Vegetable Oils and Animal Fats
Animal fats and vegetable oils are regulated under 40 CFR 112, which has identical requirements for petroleum and non-petroleum oils. The EPA has considered the physical, chemical, biological, and other properties and environmental effects of petroleum oils, vegetable oils, and animal fats, which are the criteria to be evaluated under the Edible Oil Regulatory Reform Act. EPA finds that petroleum oils, vegetable oils, and animal fats share common physical properties and produce similar environmental effects. Like petroleum oils, vegetable oils and animal fats and their constituents can:
- Cause devastating physical effects, such as coating animals and plants with oil and suffocating them by oxygen depletion
- Be toxic and form toxic products
- Destroy future and existing food supplies, breeding animals, and habitats
- Produce rancid odors
- Foul shorelines, clog water treatment plants, and catch fire when ignition sources are present
- Form products that linger in the environment for many years.
Scientific research and experience with actual spills have shown that spills of animal fats and vegetable oils kill or injure fish, birds, mammals, and other species and produce other undesirable effects. Waterfowl and other birds, mammals, and fish that get coated with animal fats or vegetable oils could die of hypothermia, dehydration and diarrhea, or starvation. They can also sink and drown or fall victim to predators. Fish and other aquatic organisms may suffocate because of the depletion of oxygen caused by spilled animal fats and vegetable oils in water. Whether these oils are "toxic" to wildlife or kill wildlife indirectly through other processes is not the issue. Spills of animal fats and vegetable oils have the same or similar devastating impacts on the aquatic environment as petroleum oils.
Applicability of Facility Response Plan Rule and Spill Prevention, Control, and Countermeasure (SPCC) RuleFacility Response Plan Rule
On October 20, 1997 EPA denied the petition of several agricultural trade organizations to allow facilities that store vegetable oils or animal fats to use different and less stringent response methods in planning for spills of these oils under the Facility Response Plan (FRP) rule (40 CFR 112.20-21; July 1, 1994).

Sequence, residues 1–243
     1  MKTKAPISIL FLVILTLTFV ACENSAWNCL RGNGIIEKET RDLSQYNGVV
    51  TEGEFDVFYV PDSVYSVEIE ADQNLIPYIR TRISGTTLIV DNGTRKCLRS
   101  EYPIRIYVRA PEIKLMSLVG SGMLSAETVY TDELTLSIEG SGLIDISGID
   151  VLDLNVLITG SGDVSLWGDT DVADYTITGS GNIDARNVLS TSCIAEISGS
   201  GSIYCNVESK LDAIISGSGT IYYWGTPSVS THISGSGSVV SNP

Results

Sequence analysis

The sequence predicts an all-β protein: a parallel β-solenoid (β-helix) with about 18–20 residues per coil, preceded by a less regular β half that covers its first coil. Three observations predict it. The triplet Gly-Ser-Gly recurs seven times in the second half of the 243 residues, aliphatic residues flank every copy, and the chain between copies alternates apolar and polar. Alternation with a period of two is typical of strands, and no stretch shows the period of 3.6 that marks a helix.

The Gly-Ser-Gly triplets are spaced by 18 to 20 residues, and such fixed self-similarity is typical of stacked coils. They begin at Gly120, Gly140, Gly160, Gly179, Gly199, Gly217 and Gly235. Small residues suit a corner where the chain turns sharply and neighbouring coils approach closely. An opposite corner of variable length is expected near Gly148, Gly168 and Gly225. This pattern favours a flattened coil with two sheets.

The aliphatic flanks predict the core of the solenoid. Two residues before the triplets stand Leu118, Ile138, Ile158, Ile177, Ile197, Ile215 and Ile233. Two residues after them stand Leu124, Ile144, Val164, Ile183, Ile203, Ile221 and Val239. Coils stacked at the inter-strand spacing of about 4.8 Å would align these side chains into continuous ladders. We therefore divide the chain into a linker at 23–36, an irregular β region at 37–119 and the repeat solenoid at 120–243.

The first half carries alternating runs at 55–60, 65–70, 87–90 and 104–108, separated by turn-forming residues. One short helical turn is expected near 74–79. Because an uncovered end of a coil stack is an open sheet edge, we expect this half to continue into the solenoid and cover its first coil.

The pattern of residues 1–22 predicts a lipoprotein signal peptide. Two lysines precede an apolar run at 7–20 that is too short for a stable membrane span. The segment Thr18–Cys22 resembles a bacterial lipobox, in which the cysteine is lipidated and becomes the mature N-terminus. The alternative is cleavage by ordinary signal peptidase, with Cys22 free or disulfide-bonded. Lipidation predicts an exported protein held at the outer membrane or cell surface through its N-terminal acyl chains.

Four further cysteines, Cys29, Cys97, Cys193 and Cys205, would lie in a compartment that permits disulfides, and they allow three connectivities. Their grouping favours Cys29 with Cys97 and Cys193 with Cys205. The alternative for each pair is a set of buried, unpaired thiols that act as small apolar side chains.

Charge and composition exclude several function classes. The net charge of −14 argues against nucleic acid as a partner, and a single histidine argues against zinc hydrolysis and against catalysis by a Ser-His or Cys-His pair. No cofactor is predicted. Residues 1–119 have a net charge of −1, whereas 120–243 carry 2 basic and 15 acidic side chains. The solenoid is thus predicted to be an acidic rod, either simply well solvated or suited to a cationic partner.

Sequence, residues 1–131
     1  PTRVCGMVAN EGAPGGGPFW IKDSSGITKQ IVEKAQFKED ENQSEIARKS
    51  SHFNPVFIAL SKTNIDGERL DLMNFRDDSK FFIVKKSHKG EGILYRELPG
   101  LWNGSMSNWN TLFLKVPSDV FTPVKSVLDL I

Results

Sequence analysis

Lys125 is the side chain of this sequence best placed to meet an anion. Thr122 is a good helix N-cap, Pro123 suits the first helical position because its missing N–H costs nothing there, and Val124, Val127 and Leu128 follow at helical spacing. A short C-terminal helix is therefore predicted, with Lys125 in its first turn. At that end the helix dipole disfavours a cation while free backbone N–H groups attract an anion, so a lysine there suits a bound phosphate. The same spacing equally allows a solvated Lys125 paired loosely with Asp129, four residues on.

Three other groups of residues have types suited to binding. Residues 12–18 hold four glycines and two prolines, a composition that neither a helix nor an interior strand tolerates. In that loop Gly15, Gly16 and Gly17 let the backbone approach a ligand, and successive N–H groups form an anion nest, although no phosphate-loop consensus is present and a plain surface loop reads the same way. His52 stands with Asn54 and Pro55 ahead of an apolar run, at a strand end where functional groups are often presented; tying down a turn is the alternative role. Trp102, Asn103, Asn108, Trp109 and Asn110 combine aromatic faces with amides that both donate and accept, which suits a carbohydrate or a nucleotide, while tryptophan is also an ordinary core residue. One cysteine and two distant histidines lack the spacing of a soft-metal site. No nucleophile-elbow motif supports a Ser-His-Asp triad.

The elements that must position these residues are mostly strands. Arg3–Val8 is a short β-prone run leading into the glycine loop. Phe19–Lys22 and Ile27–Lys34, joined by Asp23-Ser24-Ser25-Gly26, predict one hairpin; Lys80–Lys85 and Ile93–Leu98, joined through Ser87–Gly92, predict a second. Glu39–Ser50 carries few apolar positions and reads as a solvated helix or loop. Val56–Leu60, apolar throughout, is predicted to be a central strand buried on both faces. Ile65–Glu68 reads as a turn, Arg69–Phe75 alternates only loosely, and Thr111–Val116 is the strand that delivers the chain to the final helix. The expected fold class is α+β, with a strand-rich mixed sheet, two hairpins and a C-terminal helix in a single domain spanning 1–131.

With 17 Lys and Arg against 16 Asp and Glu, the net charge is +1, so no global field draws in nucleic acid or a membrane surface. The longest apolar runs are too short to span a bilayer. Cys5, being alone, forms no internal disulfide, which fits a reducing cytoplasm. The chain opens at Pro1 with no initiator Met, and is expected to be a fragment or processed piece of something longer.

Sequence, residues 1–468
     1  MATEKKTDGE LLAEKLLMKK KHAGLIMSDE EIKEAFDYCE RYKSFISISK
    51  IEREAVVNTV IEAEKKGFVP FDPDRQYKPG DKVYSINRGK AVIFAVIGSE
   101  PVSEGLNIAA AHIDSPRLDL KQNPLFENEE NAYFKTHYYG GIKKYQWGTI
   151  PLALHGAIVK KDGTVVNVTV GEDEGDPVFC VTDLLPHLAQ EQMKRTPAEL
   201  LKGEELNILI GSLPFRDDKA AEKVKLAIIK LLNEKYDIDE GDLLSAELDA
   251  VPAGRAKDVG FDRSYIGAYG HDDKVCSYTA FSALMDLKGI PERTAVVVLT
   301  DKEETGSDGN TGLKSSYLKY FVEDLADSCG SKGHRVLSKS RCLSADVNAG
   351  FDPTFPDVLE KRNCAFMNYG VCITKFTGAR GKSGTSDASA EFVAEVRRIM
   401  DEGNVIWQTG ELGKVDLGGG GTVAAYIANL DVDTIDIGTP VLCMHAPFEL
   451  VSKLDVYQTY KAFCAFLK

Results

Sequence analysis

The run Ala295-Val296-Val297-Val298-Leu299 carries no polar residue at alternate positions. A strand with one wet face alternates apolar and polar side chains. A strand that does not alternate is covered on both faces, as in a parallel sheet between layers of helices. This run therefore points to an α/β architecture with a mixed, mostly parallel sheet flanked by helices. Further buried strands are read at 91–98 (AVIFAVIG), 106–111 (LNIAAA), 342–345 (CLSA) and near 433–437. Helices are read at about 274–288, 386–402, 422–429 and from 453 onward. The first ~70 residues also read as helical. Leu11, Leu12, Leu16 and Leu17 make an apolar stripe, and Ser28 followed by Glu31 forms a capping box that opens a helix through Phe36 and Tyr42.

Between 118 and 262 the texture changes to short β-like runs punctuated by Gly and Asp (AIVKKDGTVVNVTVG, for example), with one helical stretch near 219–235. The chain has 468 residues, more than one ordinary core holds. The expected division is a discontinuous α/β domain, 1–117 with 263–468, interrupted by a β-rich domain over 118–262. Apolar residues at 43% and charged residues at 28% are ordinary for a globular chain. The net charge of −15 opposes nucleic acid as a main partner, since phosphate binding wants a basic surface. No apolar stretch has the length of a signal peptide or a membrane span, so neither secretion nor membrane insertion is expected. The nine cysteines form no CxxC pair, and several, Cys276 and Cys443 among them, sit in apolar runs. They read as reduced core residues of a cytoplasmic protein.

EPA issued a revised Facility Response Plan (FRP) rule on June 30, 2000. The revision clarifies that the rule applies to facilities that handle, store, or transport mainly animal fats and vegetable oils, if they transfer large volumes of oil over water or store one million gallons or more of oil and meet additional criteria. The rule complies with the requirements of the Edible Oil Regulatory Reform Act to differentiate between animal fats and vegetable oils and other classes of oils, based on properties and effects.
The revised rule provides a more specific methodology for calculating planning volumes for a worst case discharge of animal fats and vegetable oils. The methodology is similar to that currently used in the rule for petroleum oils, but the factors in two new tables are more appropriate for estimating on-water and onshore recovery resource needs for animal fats and vegetable oils.
The revised rule includes separate regulatory sections for animal fats and vegetable oils, but keeps requirements for the same three response planning scenarios (small, medium, and worst case discharge) as in the original FRP rule. It adds new definitions for animal fats and vegetable oils and further differentiates between classes of oils by establishing new groups of oils termed Group A, B, and C, based on the specific gravity of animal fats and vegetable oils. Because persistence depends on many environmental factors, the new rule removes terms that are related to persistence as they apply to animal fats and vegetable oils.SPCC Rule
The SPCC rule as revised in 2002 provides requirements for different types of oil in response to the requirements of the EORRA. To make this change, EPA divided the rule into several subparts. Subpart A provides the general requirements for all facilities. Subparts B and C outline the requirements for different types of oils. Subpart B describes the requirements for petroleum oils and non-petroleum oils, except for animal fats and vegetable oils. Subpart C describes the requirements for animal fats and oils and greases, and fish and marine mammal oils; and for vegetable oils, including oils from seeds, nuts, fruits, and kernels.